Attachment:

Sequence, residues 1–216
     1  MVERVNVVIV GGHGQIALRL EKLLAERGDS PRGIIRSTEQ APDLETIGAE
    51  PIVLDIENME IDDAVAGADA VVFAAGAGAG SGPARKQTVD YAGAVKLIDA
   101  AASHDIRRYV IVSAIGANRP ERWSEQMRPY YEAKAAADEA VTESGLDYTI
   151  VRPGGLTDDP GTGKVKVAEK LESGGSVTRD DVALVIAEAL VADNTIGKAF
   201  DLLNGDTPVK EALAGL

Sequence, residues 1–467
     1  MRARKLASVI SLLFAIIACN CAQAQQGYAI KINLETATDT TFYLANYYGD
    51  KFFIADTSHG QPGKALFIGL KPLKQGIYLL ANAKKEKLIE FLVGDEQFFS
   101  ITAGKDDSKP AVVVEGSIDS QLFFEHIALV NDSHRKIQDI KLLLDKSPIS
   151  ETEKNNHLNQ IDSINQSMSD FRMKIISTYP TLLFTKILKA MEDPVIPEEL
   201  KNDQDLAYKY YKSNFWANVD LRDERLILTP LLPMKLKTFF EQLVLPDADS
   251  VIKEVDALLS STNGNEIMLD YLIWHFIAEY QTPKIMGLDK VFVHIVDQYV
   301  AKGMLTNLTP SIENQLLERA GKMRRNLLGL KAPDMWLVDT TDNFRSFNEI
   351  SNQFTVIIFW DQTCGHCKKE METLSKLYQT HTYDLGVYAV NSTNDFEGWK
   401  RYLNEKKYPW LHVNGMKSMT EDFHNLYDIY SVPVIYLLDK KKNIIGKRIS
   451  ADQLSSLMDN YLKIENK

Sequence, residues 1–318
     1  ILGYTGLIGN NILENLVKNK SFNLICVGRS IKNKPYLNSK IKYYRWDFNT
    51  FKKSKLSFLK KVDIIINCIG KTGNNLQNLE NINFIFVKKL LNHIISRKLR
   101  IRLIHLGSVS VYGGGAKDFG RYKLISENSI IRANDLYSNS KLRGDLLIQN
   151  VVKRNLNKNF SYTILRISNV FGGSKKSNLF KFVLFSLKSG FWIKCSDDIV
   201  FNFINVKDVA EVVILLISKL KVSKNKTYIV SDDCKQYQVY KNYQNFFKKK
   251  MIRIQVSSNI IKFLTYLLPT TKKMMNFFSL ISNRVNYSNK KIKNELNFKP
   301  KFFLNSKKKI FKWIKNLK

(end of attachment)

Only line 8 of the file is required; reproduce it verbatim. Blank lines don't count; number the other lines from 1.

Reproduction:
     1  MRARKLASVI SLLFAIIACN CAQAQQGYAI KINLETATDT TFYLANYYGD